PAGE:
[pythran] [serge.guelton@xxxxxxxxxxxxxxxx: A few ideas cocnerning JIT-typing]

  • From: serge Guelton <serge.guelton@xxxxxxxxxxxxxxxx>
  • To: pythran@xxxxxxxxxxxxx
  • Date: Tue, 26 Feb 2013 09:29:35 +0100

Ooops forgot to send this to everyone.

----- Forwarded message from serge Guelton <serge.guelton@xxxxxxxxxxxxxxxx> 

Date: Mon, 25 Feb 2013 21:57:11 +0100
From: serge Guelton <serge.guelton@xxxxxxxxxxxxxxxx>
To: Mehdi AMINI <mehdi.amini@xxxxxxxxxxxxxxx>
Subject: A few ideas cocnerning JIT-typing

Hi Mehdi, (and the other pythraners)

here are the few ideas I had concerning JIT-typing, i.e. translating
python code to native code at runtime, using the type informations
available during execution

First step, that seems easy but already raises a few issues, would be
include the type signature in the decorator

import pythran

def dprod(l0,l1):
    return sum(x*y forr x,y in zip(l0, l1))

It would be nice to be able to have several types

def dprod(l0,l1):
    return sum(x*y forr x,y in zip(l0, l1))

what if we have callees ? you have to build a (potentially) approximated
callgraph, isolate them in a new module and native-compile them. Note
that there is no such analysis in Pythran, although the callgraph is
built during execution of a few passes. And that you cannot rely on the
ast refinements made by the early python passes.

Otherwise everything is already there and you should be able to handle
everything with the top-level functions from pythran package. That would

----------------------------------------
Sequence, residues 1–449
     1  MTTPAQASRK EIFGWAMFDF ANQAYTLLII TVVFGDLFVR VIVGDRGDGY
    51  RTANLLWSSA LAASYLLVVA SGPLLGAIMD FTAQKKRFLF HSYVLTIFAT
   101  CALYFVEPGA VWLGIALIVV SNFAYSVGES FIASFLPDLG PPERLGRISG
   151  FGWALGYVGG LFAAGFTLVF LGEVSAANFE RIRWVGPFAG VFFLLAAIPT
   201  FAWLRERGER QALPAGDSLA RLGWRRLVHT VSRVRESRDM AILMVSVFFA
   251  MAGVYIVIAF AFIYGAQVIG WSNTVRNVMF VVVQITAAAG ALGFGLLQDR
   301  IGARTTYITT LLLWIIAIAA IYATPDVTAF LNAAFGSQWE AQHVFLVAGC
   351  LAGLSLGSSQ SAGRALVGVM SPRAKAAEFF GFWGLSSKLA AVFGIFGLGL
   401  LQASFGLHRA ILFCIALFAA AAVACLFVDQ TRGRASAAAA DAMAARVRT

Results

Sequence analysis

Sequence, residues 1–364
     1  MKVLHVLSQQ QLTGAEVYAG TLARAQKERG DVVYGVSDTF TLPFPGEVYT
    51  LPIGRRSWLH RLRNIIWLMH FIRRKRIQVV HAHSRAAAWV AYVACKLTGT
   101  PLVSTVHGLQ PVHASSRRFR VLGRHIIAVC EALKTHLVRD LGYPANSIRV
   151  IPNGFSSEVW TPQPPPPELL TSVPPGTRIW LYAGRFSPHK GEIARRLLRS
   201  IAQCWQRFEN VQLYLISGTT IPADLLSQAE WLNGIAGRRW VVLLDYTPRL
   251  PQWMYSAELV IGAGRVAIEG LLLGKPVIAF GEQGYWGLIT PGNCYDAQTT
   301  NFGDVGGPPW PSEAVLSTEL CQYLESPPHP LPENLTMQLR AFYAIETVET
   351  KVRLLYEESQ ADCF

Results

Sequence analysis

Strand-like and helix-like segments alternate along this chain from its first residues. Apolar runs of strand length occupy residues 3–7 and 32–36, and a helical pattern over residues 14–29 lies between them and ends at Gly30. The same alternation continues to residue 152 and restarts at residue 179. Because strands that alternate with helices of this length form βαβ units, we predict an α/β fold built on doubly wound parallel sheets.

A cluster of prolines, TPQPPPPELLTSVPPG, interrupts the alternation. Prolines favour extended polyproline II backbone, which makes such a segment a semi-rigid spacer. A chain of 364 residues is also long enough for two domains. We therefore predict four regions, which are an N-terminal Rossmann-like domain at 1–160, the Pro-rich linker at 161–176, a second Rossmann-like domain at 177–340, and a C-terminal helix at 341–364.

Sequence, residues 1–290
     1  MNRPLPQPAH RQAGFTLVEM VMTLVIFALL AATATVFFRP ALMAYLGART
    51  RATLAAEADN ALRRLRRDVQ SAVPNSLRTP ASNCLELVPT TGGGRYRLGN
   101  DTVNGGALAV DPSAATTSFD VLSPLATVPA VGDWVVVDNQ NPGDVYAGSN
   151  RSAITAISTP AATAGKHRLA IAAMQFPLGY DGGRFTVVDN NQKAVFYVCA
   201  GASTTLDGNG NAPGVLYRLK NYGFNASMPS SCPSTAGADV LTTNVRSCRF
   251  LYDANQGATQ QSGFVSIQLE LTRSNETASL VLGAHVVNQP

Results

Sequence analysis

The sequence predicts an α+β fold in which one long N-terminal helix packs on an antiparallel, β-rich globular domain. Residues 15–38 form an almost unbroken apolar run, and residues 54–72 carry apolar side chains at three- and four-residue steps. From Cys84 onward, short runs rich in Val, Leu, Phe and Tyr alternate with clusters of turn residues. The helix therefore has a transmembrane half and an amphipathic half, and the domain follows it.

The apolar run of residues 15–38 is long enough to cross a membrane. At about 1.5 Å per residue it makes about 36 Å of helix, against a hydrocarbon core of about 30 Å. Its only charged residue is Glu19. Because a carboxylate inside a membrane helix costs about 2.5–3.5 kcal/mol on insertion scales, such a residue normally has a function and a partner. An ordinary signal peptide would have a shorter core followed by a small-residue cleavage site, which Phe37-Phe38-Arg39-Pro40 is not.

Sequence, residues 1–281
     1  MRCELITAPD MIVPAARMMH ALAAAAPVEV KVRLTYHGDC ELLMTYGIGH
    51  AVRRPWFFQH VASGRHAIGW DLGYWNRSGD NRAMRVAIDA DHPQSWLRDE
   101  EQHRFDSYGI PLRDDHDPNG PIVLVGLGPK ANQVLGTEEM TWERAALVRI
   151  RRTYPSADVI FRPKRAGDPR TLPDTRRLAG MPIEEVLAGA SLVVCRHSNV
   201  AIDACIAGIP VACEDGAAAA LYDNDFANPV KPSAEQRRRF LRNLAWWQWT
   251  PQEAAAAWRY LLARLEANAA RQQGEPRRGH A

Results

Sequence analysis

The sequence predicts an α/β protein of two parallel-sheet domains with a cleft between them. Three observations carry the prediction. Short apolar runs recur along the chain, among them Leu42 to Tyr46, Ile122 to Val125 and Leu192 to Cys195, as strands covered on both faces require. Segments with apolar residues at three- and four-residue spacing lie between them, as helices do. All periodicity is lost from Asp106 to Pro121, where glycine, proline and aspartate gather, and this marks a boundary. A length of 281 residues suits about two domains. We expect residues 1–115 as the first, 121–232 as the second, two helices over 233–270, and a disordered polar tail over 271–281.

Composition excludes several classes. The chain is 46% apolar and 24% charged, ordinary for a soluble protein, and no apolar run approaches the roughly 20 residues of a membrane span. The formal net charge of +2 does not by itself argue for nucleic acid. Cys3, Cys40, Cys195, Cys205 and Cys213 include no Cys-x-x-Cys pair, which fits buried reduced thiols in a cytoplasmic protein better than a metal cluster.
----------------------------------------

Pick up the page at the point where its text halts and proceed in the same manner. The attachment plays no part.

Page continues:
make a single nice commit, let's say step1

But the real challenge is to handle (let's say step2, and commit n°2)

def dprod(l0,l1):
    return sum(x*y forr x,y in zip(l0, l1))

sounds easy as you have all the typing informations available, and from
them you should be able to apply step1.

*but* if one passes an empty list to be filled by the function
processing? What's its type.

Well currently Pythran will not fill the list, because top level
arguments are all const (it makes python <> C conversion easier). To
handle the case properly, we have the update effect that tells you if
it's really const. And if it's not, one should manage the copy-back (how
to do this elegantly in boost.Python?) and the backward-typing
information, the well-known combiners.

That's all what I have been thinking about, if anyone has ideas /

----- End forwarded message -----

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  • » [pythran] [serge.guelton@xxxxxxxxxxxxxxxx: A few ideas cocnerning JIT-typing] - serge Guelton